Andy Murray had been having a wonderful Wimbledon. He’d swatted away all his opponents including the very talented Richard Gasquet. He was playing great tennis and seemed full of confidence. And this was on the back of an impressive run of form including his best clay court season – in which he reached the semi-finals of the French – and winning the pre-Wimbledon Queen’s title for the second time. That victory included a virtuoso display against Roddick which was arguably the best performance by anyone this year.
Andy Murray – three times a grand slam finalist and with 6 Masters titles – is the greatest British tennis player in living memory. Far more talented than the last British tennis hero, Tim Henman, there seemed every prospect that Andy – in his third consecutive Wimbledon semi-final – could become the first British man to reach the final since Bunny Austin in 1938. And if he did that, all his fans were optimistic that he would hold aloft the Wimbledon trophy and record the first British win since Fred Perry 75 years ago in 1936.
Of course, Andy – the world number 4 – had a formidable opponent in Rafael Nadal, world number 1 and Wimbledon champion. But Rafa had been less than impressive in defeating Mardy Fish in the quarter finals. As the players warmed up, the three times Wimbledon champion Boris Becker predicted a Murray win.
And for more than an hour Andy gave us every reason to be optimistic. In his first game he thundered down two aces and continued to serve well throughout the first set. Nadal was playing well, too, but serving at 5-6 he found himself 0-40 down. Three set points for Andy. In their closely fought semi at the French Open, Nadal saved most of the 18 break points he faced. And he saved the first one here, too. But not the second. Andy had taken the first set 7-5. The perfect start!
And the excellence continued into the second set. Games went with serve at first. Andy took a 2-1 lead. Then Nadal found himself 15-30 down. A quick rally and Andy had an easy forehand to make it 15-40 and give himself two break points. Had he broken Nadal’s serve here, there was every chance he would have taken the set. And in the last 6 years Andy has never surrendered a two set lead.
But Andy missed the easy forehand. Not by much – perhaps an inch or two. But he’d missed a great chance. But never mind, the score was still 30-30. Concentrate, Andy, and you can still break his serve.
But it was clear that Andy was still thinking about that miss as he made another two errors to lose the game. 2-2.
So, OK, the game’s gone. But you’re playing well, Andy. Everyone has the occasional bad miss. Put it out of your head, and you can still win.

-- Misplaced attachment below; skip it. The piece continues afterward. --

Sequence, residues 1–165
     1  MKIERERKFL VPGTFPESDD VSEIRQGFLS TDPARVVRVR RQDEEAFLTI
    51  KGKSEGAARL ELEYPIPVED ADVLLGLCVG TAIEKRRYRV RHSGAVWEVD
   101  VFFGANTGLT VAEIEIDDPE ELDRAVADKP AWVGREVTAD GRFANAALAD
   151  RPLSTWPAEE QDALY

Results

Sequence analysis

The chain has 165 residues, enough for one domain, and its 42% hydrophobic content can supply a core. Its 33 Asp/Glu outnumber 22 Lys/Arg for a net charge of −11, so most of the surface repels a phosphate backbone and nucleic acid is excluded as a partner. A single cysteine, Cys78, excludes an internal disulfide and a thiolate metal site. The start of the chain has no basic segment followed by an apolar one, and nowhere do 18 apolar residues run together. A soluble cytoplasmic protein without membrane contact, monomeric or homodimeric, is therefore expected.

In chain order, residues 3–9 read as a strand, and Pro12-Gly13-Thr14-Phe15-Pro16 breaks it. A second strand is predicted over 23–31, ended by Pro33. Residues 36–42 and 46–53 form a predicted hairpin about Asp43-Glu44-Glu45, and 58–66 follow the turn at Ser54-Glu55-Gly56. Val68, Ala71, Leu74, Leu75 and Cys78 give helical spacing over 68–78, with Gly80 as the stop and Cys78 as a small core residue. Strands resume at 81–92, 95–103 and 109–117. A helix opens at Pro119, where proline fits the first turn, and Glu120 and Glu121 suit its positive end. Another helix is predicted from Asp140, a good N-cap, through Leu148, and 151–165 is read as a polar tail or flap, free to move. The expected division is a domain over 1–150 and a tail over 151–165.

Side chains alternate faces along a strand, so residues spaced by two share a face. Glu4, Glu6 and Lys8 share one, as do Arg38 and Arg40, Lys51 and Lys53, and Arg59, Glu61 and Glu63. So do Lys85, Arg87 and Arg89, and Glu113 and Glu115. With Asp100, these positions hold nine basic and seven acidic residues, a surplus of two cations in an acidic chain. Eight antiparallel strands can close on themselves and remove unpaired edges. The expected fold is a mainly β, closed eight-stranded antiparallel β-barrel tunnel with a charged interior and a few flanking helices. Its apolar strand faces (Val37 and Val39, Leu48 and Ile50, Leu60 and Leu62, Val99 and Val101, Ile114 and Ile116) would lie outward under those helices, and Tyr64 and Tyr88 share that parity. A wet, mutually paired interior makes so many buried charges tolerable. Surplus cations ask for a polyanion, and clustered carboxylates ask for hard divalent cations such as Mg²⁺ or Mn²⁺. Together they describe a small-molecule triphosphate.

But Andy couldn’t. His form nosedived and he lost seven games in a row. So from a one set lead, and a 2-1 30-15 lead in the second, Andy found himself losing 7-5, 2-6, 0-2. And Nadal got another break in the third set to take it 6-2. Andy’s first serve percentage – an impressive 66% in the first set – was a poor 48% in the third.
As I tweeted: “Murray, playing brilliantly, misses easy shot which wd have given 2 break points.Can’t put it out of head & Nadal’s now taken 7 games in a row”.
Andy is renowned for his fightbacks, but not this time. He lost his first service game 0-40, and Nadal was quickly 2-0 ahead in set 4. It was only at that point – when the match was in effect lost – that Andy managed some resistance. The rest of the set was hard fought, but Nadal won in 4 sets.
Tennis is a game which is won in the mind. No matter how brilliant a player you are, you need mental toughness to achieve grand slam success. It pains me to say this but this is not the first time Andy has shown mental fragility in important matches. For example, on three occasions he has reached grand slam finals (once at the US; twice at the Australian). On each occasion he has played well below par, failing to win one of the 9 sets he’s played in these finals.
In these matches it seemed that nerves got the better of him. In Friday’s match the meltdown was different in that he started so well, but then dwelt on one bad miss to such an extent that it totally undermined him.
Does Andy realise there’s a problem? Not judging from his comments after the match. He said at one point that he’d just have to work harder to get better. But from all accounts no-one works harder than Andy. He is incredibly fit, fast and athletic.
But an even more worrying comment was that he felt Nadal was 10-15% better than him. I think this provides the key to Andy’s loss. Tennis is all about belief. If you don’t believe you are as good – or better – than your opponent, then it is very difficult to win.
Andy has appeared to be much more confident recently. I think he started this match believing he could win. So, although he must have been nervous, that did not undermine his game at first. Nadal is a great player, but Andy was a better one for the first hour or so. Then came that forehand miss. Why couldn’t Andy put it out of his head? Possibly because it undermined his belief that he had the game to beat Nadal. It sparked off his doubts, his feeling that Nadal was in reality 10 or 15% better. And then he was sunk.
I’m sure Andy will reflect on this match and discuss it with ‘Team Murray’. If he realises that it’s all in the mind, and can get help to make himself mentally as tough as Nadal, then this brilliant player can go on to win the grand slams that his huge talent merits.
If not, he is unlikely to win Wimbledon or any other major.